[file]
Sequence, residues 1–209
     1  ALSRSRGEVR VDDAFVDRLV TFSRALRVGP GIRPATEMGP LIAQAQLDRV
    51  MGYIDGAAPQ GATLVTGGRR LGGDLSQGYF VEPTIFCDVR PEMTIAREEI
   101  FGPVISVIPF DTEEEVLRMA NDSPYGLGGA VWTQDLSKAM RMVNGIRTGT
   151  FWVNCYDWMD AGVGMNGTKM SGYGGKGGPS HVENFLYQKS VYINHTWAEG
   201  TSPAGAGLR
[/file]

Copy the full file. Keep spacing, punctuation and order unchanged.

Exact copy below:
Sequence, residues 1–209
     1  ALSRSRGEVR VDDAFVDRLV TFSRALRVGP GIRPATEMGP LIAQAQLDRV
    51  MGYIDGAAPQ GATLVTGGRR LGGDLSQGYF VEPTIFCDVR PEMTIAREEI
   101  FGPVISVIPF DTEEEVLRMA NDSPYGLGGA VWTQDLSKAM RMVNGIRTGT
   151  FWVNCYDWMD AGVGMNGTKM SGYGGKGGPS HVENFLYQKS VYINHTWAEG
   201  TSPAGAGLR